The United States won the Ryder Cup at Whistling Straits last weekend by a record margin of 19 points to 9. It could have been worse. If Lee Westwood, at 48 the oldest man among the 24 competitors, had not won three of the last four holes against Harris English to edge to a 1up victory, the US would have become the first team to get to 20. By the time we get to Rome for the 2023 match, at this range Westwood looks the man most likely to be succeeding Padraig Harrington as Europe’s non-playing captain. “I assume I’ll get three or four months to think about it,” Westwood said after the match. “Being Ryder Cup captain is a massive honour.”

In the immediate aftermath of the ‘Slaughter on the Water’, the words ‘succeeding’ and ‘Padraig Harrington’ seemed unlikely sentence-fellows. It always seemed odd that he was happy to stick to three wild cards whereas his American counterpart, Steve Stricker, used the pancdemic as a reason to get six picks. And having made his selections, two of them, Shane Lowry and Ian Poulter, were only fielded twice by Harrington before the singles. In hindsight, Justin Rose should have been picked but he was the only player ahead of Poulter in the world rankings who was omitted. (Rose was immediately behind Lowry and Sergio Garcia.) I don’t think too many people were ramping up the picking of Victor Perez, Robert Macintyre or Alex Noren, the three players who were below Poulter but ahead of Bernd Wiesberger, who qualified for the team at the final counting event, the BMW PGA Championship, by overtaking Lowry on the qualification system despite finishing behind him in that tournament. To state the obvious, the system needs changing. As does having the PGA as the last counting event. Westwood again. “Some of the guys turning up here don’t need this two weeks before a Ryder Cup,” he told James Corrigan of the Daily Telegraph. “It is going to be draining and you want to be going into the Ryder Cup fresh.” And why were Lowry and Tommy Fleetwood never picked for the foursomes? But that’s thing about the captaincy. Win, and you’re a genius. Lose, and you’re…well, a loser. And the fact is that the Americans had a far stronger team and one which absolutely played to its many strengths.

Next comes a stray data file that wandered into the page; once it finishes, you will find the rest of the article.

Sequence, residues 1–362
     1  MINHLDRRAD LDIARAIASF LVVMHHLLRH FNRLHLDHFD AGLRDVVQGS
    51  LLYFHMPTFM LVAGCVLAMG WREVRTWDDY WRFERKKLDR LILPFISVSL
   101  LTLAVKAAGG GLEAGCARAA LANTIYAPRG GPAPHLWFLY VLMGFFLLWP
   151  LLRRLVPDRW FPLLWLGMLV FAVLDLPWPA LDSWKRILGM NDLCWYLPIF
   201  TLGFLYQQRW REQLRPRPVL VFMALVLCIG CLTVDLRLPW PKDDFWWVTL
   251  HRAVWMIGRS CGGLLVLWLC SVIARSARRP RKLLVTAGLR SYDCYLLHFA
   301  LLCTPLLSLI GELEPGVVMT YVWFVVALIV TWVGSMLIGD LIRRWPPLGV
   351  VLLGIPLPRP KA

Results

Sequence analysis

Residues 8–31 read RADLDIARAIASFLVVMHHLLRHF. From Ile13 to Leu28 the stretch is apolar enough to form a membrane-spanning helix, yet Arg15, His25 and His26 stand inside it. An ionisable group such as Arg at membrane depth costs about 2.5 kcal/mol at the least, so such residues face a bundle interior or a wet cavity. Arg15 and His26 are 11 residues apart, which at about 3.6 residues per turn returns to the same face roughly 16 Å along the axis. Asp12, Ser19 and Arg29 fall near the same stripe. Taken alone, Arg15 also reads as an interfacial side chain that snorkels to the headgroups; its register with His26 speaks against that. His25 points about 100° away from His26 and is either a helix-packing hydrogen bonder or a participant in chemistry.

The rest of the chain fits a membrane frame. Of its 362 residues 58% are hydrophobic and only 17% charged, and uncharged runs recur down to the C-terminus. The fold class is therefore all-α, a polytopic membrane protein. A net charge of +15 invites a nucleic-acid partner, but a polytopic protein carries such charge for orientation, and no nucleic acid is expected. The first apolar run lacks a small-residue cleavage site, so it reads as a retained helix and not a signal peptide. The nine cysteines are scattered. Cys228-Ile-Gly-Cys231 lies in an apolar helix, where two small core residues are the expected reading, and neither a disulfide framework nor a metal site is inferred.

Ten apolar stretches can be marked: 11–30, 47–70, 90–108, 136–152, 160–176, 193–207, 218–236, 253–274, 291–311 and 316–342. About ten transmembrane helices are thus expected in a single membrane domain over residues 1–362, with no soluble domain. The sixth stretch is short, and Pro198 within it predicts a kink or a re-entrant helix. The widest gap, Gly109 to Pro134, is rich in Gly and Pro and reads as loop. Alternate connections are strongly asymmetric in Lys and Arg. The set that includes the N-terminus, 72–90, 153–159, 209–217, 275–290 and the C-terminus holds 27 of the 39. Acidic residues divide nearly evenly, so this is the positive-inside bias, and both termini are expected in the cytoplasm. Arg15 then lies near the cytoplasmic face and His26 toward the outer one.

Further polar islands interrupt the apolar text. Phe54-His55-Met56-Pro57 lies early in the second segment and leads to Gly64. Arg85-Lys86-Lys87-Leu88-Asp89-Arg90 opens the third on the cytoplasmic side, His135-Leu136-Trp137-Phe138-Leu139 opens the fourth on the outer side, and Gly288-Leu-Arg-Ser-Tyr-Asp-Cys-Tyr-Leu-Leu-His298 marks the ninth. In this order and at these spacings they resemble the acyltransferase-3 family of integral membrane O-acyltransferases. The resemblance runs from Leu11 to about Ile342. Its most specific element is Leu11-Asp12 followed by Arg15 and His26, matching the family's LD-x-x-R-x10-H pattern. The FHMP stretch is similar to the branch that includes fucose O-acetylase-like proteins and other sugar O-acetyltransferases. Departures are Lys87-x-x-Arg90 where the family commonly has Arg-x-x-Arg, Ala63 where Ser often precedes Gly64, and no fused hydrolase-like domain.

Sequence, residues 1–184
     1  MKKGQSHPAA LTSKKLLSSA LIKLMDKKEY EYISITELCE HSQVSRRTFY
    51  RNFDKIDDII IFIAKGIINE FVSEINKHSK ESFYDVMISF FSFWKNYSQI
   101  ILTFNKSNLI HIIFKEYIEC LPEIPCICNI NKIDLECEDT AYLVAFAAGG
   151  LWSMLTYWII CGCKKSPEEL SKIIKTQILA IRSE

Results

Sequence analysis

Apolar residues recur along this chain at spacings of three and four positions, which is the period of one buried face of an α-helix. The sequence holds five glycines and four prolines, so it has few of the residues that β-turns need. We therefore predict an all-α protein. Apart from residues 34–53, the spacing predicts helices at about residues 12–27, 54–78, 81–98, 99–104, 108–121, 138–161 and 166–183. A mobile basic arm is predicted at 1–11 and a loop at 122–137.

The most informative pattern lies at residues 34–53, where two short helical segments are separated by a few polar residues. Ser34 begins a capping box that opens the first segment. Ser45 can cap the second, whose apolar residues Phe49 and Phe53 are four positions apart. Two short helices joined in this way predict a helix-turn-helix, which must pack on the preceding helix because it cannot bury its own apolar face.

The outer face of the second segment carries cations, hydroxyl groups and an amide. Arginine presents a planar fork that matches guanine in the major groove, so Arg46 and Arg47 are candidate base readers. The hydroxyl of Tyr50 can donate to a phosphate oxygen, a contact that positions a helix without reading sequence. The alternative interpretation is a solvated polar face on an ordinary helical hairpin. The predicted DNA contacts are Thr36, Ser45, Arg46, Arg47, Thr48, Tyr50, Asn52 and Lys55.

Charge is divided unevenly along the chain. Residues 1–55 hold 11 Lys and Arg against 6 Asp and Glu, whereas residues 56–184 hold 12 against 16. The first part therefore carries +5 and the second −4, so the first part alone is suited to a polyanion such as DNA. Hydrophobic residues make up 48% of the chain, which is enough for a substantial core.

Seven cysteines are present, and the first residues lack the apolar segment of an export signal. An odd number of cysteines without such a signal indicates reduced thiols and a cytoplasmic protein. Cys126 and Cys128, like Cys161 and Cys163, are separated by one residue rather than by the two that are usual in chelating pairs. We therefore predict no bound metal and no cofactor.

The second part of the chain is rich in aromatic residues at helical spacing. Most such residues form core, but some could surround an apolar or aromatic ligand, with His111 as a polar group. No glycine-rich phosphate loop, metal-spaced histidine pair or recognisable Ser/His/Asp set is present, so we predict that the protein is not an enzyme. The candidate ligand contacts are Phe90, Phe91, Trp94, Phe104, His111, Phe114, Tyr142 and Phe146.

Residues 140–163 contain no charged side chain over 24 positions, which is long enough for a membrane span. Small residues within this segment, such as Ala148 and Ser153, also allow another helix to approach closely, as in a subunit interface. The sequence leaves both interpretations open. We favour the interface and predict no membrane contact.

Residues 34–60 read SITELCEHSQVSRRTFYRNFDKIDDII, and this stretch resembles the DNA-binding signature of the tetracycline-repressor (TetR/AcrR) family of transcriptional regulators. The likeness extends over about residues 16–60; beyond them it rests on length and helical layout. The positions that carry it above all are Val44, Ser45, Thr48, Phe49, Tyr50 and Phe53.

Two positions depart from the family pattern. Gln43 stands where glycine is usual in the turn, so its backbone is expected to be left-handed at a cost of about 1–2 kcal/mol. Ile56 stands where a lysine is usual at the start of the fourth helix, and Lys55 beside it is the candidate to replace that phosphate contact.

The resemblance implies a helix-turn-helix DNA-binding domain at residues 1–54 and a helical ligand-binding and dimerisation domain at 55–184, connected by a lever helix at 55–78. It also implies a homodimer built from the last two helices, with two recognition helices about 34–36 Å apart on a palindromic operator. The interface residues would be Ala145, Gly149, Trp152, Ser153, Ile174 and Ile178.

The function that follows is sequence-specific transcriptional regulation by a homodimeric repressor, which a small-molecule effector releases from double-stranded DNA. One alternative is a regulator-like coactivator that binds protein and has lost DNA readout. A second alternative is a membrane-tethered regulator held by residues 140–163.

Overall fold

Viktor Hovland, Lowry and Wiesberger became the 162nd, 163rd and 164th players to represent Europe in the Ryder Cup (going back to when it was just Great Britain in 1927). Who will become Nos. 165, 166 and 167? Perhaps the exciting young Danish twins, Nicolai and Rasmus Hojgaard, both winners on the European Tour this season? Or Guido Migliozzi, who finished fourth at the US Open? Maybe a comparatively veteran Italian, the 2018 Open champion, Francesco Molinari, who earned five points from five at the previous match in Paris, will find a return to form. It may be a match too far for the record-setting Garcia but not for his outstanding partner, the world No. 1, Jon Rahm.

Of course, things will in any case be different at the Marco Simone Golf & Country Club in two years time, the course being one of the things to be different, being set up by the European captain in a way to suit his players just as Stricker had Whistling Straits set up to cater for his multitude of bombers and fast-green experts. Oh, it may also be worth mentioning that whereas in Wisconsin there were almost no European fans, in Rome there will be some. And not just some; a vast majority. 

For professional golfers, every hole of a Ryder Cup match is like playing the back nine of a major championship on Sunday while in contention. In the opinion of many sports journalists, not only those who specialise in writing about golf, the Ryder Cup is the best sports event in the world. It’s passionate, it’s a team contest, and it takes place over a tension-filled three days rather than, say like the World Cup, being bloated out to five weeks and containing a number of matches which mean nothing. 

It is a marvellous occasion. But to remain marvellous, it needs to be a compelling sporting spectacle. Europe has won seven of the 10 matches since the turn of the century. What happened at Whistling Straits means those who feared the Americans would get bored if they kept on losing have had that concern assuaged. Now, of course, they will live in fear of the US getting bored with recurring blow-outs. I would be confident that in Rome in 2023 that will also prove to be a groundless worry. 

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